In 2005, the American Bar Association together with other organizations, adopted the Model Standards of Conduct for Mediators. Standard 1 entitled “Self Determination” defines it as
… the act of coming to a voluntary, uncoerced decision in which each party makes free and informed choices as to process and outcome. Parties may exercise self-determination at any stage of a mediation, including mediator selection, process design, participation in or withdrawal from the process, and outcomes.
A recent mediation which I “conducted” brought this standard to mind as I essentially sat on the sidelines the whole time. The matter was in litigation, set to go to trial in two weeks. The mediation was set up on about 3 days’ notice. Each party appeared with counsel.
Before the mediation started, plaintiff’s counsel told me that she wanted to speak with defense counsel separately and without me. I made the introductions and left the room. When that discussion concluded, plaintiff’s counsel told me she wanted to speak with defense counsel some more, again outside of my presence. So, again, I arranged for that conversation to occur.
The next thing I knew, counsel were having lengthy conversations brain-storming ways to resolve the case while I sat in my office playing solitaire on the computer. After about an hour, I knocked on the door to the conference room to see how things were going and was told that they were still working things out and would get me when I was needed.
After about another hour, the attorneys emerged and came into my office to advise that they had decided that the matter could settle in one of two ways but more information was needed to determine which option was the best. They told me they would keep me posted and would need my help in “closing” the deal. That is, while they agreed on the possible broad outlines by which to settle, they believed they would still need my assistance to implement the finer points or details of either option to reach resolution. They figured they could do this by telephone; a further in person session was not needed. I agreed and told them I would check with them in a few days to see if the further information was obtained that would enable them to implement one of the options.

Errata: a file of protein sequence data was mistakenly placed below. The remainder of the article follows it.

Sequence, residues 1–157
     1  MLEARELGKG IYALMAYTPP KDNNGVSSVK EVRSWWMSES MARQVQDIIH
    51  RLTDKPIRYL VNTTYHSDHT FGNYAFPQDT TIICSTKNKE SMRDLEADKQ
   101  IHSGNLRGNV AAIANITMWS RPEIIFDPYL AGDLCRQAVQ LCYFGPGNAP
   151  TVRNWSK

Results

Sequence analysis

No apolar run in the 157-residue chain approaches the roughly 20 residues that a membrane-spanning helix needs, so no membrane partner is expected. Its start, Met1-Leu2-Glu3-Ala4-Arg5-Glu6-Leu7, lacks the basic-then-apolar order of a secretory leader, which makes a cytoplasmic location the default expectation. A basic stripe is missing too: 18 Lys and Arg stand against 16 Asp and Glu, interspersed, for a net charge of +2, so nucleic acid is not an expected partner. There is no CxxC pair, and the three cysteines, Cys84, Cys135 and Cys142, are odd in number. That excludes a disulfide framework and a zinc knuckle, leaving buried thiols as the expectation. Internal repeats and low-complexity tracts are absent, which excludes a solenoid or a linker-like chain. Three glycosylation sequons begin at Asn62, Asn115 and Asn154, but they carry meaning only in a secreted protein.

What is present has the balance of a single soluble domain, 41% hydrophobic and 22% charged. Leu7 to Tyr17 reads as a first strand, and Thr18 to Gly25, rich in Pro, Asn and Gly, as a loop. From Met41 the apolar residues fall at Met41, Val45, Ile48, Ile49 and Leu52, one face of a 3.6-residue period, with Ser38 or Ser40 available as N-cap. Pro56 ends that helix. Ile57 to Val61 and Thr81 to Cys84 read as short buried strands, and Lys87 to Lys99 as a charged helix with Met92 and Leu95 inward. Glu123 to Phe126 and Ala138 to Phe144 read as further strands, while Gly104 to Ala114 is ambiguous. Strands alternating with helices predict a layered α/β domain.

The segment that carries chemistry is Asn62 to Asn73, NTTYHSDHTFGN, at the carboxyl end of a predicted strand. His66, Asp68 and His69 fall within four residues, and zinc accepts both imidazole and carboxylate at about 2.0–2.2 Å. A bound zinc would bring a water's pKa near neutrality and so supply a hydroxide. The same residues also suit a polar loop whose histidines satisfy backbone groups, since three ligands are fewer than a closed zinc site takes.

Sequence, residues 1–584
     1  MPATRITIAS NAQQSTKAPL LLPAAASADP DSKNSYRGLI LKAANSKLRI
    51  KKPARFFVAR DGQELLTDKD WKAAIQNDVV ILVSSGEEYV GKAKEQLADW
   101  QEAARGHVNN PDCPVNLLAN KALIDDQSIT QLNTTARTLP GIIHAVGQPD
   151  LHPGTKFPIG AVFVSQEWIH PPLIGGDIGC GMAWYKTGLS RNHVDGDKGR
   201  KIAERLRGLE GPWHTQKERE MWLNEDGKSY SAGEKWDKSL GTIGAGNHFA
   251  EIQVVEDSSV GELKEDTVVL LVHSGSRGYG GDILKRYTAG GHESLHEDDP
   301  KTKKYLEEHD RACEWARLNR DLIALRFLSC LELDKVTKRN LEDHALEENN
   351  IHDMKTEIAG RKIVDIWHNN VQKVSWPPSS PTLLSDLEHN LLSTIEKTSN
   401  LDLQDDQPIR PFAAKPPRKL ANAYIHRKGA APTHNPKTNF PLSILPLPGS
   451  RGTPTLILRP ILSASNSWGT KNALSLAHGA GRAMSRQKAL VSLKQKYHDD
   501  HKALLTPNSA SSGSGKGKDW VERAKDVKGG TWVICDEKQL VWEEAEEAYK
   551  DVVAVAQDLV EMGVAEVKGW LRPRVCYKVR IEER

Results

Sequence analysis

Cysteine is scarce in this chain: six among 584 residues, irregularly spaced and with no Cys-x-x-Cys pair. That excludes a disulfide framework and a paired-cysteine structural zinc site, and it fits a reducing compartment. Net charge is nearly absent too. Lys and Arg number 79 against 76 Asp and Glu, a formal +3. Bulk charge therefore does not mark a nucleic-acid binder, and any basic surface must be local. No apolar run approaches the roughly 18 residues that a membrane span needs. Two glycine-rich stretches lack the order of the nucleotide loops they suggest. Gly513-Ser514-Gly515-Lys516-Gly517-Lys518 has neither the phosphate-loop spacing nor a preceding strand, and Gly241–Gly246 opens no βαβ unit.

At the beginning of the mediation, when plaintiff’s counsel asked to speak to defense counsel alone, I pointed out that half the battle of settling a case is getting all the right parties with the authority to settle and their counsel in the same place at the same time so that they could all focus on the same issues together and with minimal or no interruption. As we all know, it is difficult to focus on any one thing when one is multitasking; yet daily life demands just that. Our interruptions get interrupted by interruptions which are in turn interrupted by more interruptions and so on….
So… along with self-determination, I guess another part of my job description as a mediator is simply to provide a “safe” meeting space where all the necessary parties can focus on the same issue at the same time, together. To me, this is the major obstacle to resolving anything.
Did I act as a mediator in this matter? I would say “yes” – I provided “self-determination” both as to “process” and hopefully, with my help and assistance-as to “outcome”.
Mediations like everything else in life can take all different shapes, sizes and forms!
… Just something to think about.
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